Sunday, November 9, 2008

The Boulder in the Garden

Jane sits at the edge of her wild and cheerful backyard garden, trailing her wrinkled hand in the water flowing over the edge of an oddly shaped, broken piece of slate balanced at the top of a casual pile of rocks. Crinkled eyes gleam a pale but piercing blue behind reading glasses, and her cotton sweater has been wound around her waist because the fading fall sunlight finally warmed the afternoon. Last night's frost is still visible in the browned edges of the dahlias that have happily lingered on into autumn. I reach over the top of the wooden gate, lift the latch, and momentarily consider swinging on the gate as the iron weights on the chain pull it open.

I can't count the times I've come here, but Jane can recall them all and even categorize the solemn visits as carefully shielded requests for solace in the face of life's disappointments or as open cries for encouragement. The laughter from the other visits, the joyous ones, still tinkles the bits and pieces of rescued windchimes that hang from nails along the top of the fence.

Sensing the look of recognition as my eyes rest on the limestone boulder behind her, Jane waves her dry hand and then pats the empty half of the glider.

"You think you know, don't you?" she asks with a hint of glee in her voice.
"It sure has taken a long time, but it hit me all of a sudden yesterday. All this time, I've watched the garden grow from a few clay pots on the brick edge of the patio to this fantasy faeryland filled with surprises like those butterfly bushes gathered over there in the sunniest corner of the yard and the bits of labyrinth blended into that path of stones and moss I like to take to the middle of the yard. All this time, Jane, and you never said a word about the boulder, never mentioned why you'd slowly carved those extra curves and ledges into it."
The chuckle practically explodes from the woman beside me, and we both lean into a big bear hug before she launches into the story that's been here in the garden all along.
"Once John was gone, I cried and cried, of course. No way for me to change what had happened, and no way to stay sane unless I could change it."
She drifts away from me for a minute, and I can tell she's reliving some past afternoon with John, trying to decide whether the scale tipped more to the good or to the bad side when all the pain was measured.
"He was good in the beginning. The good was good enough to make me cry when it was gone. Not even the worst of the bad could make me forget that good. I had to hold onto it. Had to find a way to remember it even when his face faded so I could hardly remember that part of him. I decided to put that boulder to good use. I sure couldn't afford to have it busted up and hauled away. "
"You'd think I planned it all along, wouldn't you? Look at it now. That curve chiseled out of the top is one of my favorite places to bring my books. My coffee cup fits exactly on that little ledge. And heaven knows, those little pansies look like they were meant to grow in that shallow groove on the top."
"It just grew over the years, though, and I never had a plan for how it would turn out. Life is like that, you know. You take whatever you're given, you decide how you're going to use it, and you hope it turns out to be good for you."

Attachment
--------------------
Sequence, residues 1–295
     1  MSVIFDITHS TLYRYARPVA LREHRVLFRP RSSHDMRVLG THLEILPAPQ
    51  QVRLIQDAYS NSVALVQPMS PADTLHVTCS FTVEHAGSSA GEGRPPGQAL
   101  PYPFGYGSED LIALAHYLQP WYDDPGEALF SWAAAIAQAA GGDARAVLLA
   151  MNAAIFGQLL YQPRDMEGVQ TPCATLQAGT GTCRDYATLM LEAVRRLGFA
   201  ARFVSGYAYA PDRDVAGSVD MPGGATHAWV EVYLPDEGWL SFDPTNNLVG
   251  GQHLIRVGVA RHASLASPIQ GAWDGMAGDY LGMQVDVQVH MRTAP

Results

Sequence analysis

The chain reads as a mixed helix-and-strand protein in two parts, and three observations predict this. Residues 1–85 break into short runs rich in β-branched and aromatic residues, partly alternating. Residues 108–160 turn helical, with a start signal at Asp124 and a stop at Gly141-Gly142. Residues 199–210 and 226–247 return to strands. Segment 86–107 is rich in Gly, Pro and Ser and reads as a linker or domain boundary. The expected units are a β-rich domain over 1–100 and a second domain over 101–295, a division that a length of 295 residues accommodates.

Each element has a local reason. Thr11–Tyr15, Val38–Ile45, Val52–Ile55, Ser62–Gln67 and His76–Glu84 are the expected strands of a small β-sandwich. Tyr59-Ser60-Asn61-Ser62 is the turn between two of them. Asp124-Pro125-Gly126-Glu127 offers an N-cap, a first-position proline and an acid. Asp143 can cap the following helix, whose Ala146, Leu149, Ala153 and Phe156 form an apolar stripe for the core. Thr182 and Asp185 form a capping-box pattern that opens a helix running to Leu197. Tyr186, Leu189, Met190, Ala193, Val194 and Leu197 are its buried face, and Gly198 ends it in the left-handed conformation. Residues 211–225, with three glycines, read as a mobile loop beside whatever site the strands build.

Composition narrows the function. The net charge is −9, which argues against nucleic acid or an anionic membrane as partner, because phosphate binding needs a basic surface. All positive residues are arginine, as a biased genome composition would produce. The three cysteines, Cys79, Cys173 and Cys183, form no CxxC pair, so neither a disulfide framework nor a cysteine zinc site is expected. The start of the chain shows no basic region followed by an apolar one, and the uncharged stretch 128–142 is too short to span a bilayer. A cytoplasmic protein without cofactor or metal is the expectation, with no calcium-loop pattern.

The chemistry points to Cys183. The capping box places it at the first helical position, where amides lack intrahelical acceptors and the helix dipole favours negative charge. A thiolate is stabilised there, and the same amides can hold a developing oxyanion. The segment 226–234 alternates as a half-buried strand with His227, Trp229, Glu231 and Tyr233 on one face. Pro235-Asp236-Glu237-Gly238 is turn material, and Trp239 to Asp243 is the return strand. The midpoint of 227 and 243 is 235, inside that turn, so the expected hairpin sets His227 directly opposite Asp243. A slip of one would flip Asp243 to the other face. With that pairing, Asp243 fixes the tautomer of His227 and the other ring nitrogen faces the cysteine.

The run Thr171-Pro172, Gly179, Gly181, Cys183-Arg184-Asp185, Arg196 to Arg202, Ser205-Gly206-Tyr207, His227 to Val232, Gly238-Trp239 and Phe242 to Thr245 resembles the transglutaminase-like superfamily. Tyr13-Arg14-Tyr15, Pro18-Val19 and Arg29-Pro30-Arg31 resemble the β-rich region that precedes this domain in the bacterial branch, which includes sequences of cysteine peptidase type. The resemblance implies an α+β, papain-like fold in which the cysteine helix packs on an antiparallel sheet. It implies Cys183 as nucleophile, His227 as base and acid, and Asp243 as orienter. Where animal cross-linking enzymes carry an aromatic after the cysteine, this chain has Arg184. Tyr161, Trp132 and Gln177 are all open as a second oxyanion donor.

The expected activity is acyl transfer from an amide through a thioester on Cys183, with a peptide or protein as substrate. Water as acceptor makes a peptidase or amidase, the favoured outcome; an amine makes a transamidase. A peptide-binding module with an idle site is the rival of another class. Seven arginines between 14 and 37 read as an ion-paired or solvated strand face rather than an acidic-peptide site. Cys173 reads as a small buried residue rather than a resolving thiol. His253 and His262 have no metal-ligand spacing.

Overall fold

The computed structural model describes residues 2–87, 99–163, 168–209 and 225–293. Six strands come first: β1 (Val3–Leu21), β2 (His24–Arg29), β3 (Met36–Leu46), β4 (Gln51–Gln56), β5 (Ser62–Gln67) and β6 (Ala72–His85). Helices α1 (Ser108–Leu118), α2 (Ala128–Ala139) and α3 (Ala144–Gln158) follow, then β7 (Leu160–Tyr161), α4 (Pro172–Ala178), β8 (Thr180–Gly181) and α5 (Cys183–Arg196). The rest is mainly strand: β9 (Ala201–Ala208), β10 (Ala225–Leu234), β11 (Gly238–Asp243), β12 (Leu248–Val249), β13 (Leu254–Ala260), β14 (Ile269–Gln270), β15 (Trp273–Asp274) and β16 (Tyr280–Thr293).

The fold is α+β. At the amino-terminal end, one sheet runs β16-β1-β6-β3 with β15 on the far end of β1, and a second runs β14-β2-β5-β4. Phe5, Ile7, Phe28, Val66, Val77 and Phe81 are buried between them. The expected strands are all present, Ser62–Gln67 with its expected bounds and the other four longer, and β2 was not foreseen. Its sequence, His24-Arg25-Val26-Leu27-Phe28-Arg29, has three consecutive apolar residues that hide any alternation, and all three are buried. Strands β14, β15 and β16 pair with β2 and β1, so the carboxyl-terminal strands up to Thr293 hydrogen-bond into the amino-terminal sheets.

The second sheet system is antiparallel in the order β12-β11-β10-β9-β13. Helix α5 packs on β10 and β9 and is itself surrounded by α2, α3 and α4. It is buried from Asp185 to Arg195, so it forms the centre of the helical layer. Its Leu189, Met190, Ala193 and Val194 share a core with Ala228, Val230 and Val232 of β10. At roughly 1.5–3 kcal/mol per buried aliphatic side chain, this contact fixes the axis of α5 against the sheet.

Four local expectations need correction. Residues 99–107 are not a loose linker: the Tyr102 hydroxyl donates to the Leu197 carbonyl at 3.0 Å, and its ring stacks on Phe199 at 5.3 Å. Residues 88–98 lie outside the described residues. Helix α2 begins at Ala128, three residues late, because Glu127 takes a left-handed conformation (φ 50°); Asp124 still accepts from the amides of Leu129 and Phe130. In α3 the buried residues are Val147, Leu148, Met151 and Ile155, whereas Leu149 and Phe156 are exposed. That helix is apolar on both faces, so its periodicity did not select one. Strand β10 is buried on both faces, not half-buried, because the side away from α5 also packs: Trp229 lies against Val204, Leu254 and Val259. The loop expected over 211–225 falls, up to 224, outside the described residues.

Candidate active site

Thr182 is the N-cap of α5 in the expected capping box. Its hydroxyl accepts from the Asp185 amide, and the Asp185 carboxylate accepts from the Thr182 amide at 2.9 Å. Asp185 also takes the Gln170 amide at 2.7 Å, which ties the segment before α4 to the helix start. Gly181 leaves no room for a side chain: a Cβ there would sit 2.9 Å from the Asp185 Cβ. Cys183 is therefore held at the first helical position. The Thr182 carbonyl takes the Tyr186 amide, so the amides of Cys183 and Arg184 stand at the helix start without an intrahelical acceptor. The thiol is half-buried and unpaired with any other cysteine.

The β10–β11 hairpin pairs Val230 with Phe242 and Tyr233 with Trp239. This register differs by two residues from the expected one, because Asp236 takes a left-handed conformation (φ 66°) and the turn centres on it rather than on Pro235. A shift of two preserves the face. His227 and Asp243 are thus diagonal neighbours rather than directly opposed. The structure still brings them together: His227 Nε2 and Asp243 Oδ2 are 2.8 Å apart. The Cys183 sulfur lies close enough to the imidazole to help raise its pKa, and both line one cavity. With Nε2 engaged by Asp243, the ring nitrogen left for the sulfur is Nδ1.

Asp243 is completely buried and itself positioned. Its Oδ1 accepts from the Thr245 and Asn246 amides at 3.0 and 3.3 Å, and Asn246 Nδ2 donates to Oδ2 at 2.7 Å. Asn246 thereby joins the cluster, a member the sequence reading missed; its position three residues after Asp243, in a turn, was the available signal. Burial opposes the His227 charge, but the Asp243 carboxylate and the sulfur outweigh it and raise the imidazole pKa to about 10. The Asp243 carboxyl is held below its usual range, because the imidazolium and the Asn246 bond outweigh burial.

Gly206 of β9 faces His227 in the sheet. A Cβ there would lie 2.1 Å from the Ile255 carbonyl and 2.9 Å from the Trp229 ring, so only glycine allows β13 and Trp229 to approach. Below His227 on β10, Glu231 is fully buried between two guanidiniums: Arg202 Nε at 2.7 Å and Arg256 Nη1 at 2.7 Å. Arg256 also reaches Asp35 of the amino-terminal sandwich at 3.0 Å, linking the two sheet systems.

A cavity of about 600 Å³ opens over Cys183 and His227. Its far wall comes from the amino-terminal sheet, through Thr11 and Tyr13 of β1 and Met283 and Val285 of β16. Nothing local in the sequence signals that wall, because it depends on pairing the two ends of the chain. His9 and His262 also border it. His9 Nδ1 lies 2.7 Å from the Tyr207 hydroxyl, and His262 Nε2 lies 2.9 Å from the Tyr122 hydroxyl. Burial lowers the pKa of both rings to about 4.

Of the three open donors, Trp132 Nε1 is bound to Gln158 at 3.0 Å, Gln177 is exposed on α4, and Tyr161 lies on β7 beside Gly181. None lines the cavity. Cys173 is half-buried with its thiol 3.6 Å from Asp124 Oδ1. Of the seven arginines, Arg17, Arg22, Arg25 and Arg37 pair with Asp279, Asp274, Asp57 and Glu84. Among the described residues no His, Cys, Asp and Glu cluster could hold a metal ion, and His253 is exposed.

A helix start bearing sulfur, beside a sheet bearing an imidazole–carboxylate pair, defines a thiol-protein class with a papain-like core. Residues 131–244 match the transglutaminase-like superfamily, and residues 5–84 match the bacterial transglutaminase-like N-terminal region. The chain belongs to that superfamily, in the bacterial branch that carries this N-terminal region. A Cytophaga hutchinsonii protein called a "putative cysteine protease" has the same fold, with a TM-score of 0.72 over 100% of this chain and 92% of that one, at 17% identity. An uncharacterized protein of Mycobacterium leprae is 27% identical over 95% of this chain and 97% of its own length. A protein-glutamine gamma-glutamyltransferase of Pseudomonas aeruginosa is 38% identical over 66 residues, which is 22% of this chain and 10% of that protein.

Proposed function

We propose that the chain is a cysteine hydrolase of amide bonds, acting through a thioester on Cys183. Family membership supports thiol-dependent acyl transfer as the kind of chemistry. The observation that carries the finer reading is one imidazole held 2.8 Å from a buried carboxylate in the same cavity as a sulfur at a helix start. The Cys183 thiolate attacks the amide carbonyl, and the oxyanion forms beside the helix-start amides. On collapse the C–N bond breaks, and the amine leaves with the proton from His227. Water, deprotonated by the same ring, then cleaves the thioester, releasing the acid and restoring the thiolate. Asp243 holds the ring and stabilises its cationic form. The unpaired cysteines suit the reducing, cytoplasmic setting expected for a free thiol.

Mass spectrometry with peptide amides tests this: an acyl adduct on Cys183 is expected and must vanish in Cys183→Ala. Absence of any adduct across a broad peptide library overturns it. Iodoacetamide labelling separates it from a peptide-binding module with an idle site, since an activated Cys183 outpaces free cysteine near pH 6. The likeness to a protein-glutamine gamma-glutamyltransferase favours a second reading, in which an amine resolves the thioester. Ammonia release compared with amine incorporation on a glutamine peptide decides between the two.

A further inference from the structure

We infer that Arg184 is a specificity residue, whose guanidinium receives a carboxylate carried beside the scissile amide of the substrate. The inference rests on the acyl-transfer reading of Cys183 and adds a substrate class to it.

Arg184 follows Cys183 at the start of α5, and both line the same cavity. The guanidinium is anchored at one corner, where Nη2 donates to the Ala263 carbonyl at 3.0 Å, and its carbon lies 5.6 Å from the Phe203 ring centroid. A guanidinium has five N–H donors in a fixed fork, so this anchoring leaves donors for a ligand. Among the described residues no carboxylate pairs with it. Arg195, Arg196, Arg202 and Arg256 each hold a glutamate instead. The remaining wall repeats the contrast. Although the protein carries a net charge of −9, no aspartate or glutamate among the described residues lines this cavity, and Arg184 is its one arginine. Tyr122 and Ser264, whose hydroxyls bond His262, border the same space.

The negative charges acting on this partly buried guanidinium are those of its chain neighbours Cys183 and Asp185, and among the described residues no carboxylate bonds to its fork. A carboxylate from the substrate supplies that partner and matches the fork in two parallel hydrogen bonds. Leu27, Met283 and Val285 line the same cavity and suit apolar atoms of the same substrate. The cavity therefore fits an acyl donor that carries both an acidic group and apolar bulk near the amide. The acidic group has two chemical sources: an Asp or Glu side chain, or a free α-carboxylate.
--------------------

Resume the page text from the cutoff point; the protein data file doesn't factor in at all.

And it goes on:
"That big old rock could've ruined my yard if I'd let it. I couldn't budge it, even if I got my shoulder way down low and dug my feet in sideways. Same with John's illness. I couldn't budge it, no matter what I tried."
"I couldn't change it."
"But you know what? I could change how I saw it. I could see a big ugly rock ruining my yard, or I could see a neat way to fill in space and anchor my garden. Same thing for John. I couldn't change what happened, but I could change how I saw it. It was bad, and it was unfair, but I finally came to a day when I didn't have the energy to cry another tear."
"That was the day when I realized that John was the boulder in the garden for me. . .he anchored me, and having to deal with what happened taught me to find ways to work around it and still have my garden, still have my life without forgetting him."
For a second, I think she's going to cry again. I know my own eyes are sweating out here in the sunlight.
"Honey, you better wipe your eyes and listen to me. I'm going to say it plain and simple. I know you came over here to tell me you think you've finally figured out life because the importance of that boulder dawned on you. Listen to me. That boulder is the most important part of my garden right now, just like loving John those too few years was one of the most important parts of my life. BUT not a one of us can guarantee there won't be another damn boulder sitting in the middle of our yard when we wake up in the morning."
"No, you've got to carry the understanding of that boulder one more step. You've got to remember that it's not just the size of the boulder nor the number of boulders that's important. . .it's all about how you choose to see the boulders you can't move. You cry. You curse. You shove as hard as you can until you know for sure you can't move it. Then you start building around it."
Here's to finding the strength to keep building your life, even when you think the pushing and shoving and digging your feet into the ground has worn you down to nothing. Just like this rambling story, life is never all good nor all bad, it just is.


rosebud101 said...

Great story! Thanks for sharing!

pricklypear78 said...

Thank you for your beautiful words!